Anxiety Dreams and the Cisgender Label
I know it's bad form to talk about one's dreams but I'd like to start this post by talking about how I woke up in darkness last night, after an evolving, unpleasant, anxiety dream about being trans.
In the first half of the dream, people saw me in a nice apartment, and wanted to take it for themselves because they were real people with real needs and I was only trans. In the second half of the dream, I was attempting to navigate through a dark farm shed area of a cul-de-sac vibe full of empty metal pens (having left the apartment), and some youngish guys were studying me, studying how I was dressed, especially the black high-top hiking boots that I usually wear around Edinburgh, and their implied androgyny.
There had been incidents during that day which had led to the dream, including my sense of being deconstructed and commented upon, and hearing the words 'really weird' as I walked past two people (which might have been directed at me). I also read a newspaper story about how Mumsnet.com had banned the word 'cisgender' because it causes offence to 'real' women.
I never used to care about the word cisgender. Lately, I've started using it all the time. My anxiety dream underlined its value to me. If there is no 'cisgender,' then there is only real/natural gender, and those who are artificial. To be seen as unnatural or artificial is a scary place to be. You're not quite male or not quite female, and history shows us in myriad ways what society does to people who aren't quite one of us. We're not seen as underprivileged, but as a threat. As invasive, and parasitical. In my dream, I felt that fear, the tension of your life being at risk, of people harbouring animosity towards you and being quite relaxed about wanting to hurt you because you're not quite human, not quite real.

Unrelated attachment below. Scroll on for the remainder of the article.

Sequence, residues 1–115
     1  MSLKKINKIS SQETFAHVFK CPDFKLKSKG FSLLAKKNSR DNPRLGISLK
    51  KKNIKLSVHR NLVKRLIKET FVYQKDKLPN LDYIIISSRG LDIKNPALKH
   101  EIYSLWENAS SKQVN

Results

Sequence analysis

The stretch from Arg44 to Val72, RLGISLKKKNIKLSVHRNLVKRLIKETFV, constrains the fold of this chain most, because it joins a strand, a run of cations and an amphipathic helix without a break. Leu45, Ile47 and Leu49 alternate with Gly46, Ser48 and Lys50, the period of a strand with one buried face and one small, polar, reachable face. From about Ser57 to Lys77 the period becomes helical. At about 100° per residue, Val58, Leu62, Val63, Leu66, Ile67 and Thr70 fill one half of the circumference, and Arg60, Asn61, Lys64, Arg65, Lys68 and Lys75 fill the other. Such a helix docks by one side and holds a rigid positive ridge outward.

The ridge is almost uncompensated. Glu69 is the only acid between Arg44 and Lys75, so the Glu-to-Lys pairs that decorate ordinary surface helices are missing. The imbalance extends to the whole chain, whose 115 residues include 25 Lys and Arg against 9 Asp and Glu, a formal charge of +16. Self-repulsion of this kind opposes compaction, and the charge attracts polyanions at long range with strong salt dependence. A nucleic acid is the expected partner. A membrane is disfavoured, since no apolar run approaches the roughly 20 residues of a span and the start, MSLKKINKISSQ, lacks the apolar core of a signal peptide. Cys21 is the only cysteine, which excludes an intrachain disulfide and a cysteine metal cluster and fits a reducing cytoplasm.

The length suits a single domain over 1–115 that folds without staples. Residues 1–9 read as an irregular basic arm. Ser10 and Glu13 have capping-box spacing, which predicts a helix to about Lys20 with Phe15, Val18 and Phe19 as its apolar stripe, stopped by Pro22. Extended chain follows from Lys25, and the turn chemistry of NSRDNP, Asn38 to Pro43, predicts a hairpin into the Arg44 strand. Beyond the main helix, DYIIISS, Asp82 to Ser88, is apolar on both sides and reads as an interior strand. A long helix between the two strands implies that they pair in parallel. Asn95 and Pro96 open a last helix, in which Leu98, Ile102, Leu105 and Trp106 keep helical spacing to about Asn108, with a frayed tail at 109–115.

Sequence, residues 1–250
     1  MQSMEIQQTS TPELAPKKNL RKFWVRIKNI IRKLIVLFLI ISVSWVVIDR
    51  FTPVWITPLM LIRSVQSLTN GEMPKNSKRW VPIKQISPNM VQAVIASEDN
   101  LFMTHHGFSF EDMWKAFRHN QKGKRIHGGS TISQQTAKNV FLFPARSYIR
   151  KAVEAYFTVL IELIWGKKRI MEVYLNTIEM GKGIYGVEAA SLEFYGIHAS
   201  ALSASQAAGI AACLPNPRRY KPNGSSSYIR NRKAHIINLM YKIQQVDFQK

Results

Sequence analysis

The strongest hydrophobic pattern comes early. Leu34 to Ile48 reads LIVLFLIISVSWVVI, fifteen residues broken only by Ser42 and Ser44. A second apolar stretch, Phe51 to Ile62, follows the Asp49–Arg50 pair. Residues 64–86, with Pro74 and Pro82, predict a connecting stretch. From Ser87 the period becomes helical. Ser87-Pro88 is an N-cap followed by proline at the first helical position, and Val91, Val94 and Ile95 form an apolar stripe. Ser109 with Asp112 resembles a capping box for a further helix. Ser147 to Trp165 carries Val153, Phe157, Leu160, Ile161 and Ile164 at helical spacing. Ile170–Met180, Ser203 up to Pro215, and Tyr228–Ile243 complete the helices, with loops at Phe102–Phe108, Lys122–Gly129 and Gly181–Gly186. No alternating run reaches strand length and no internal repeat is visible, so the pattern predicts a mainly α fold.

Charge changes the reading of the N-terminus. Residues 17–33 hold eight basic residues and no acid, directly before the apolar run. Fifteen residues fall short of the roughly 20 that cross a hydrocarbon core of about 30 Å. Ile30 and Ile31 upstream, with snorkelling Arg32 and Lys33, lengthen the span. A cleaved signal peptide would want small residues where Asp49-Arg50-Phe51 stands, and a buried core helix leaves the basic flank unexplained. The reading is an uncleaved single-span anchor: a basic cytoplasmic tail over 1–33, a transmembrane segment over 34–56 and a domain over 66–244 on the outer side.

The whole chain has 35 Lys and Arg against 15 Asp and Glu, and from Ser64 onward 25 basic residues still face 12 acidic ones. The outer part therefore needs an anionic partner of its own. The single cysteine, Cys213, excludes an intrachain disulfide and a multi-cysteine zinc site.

Julia Serano, whose book Whipping Girl (2016) I've just read, talks about this binary, between natural/unnatural. It's used by anyone claiming normality: heterosexuality, whiteness, cissexuality, wealth. You represent the normal state of things. People outside of your normality represent the Other: unnatural, threatening, dangerous, to be distrusted.
The label cisgender, popularized by Serano in her writing, is useful because it removes this natural/unnatural binary; it introduced a new binary of cisgender/trans which doesn't paint trans people as monsters, but rather highlights the privilege and lack thereof, depending on whether you were born with your bodily sex in harmony with your 'subconscious' sex (Serano, 2016). Those who are against using the term, I'm guessing are also hostile to transgender people. To them, we really are the threatening Other, the not-quite one-thing-or-another, where in terms of abuse, anything goes. I see it in the academic papers of those who seem to dislike trans people or trans as a concept: there's no desire to get to know us, or understand our experiences. We're portrayed in the most reductive, negative way possible and seen as frauds, as something vaguely malevolent and deceptive, or pitiful and lacking in self-knowledge.
But we are just people, trying to make our way in life with the gender we identify with. At least, I am: I'm the person in the picture, about to get ready for bed, maybe slightly bored if I'm taking this selfie. I'm smiling quite enigmatically in this one, still unaware of the dreams that are coming my way, and not thinking about how artificial I seem to be to those who consider themselves more natural and normal, and whose feelings, taken to their logical conclusions, can justify all kinds of behaviour against people like me.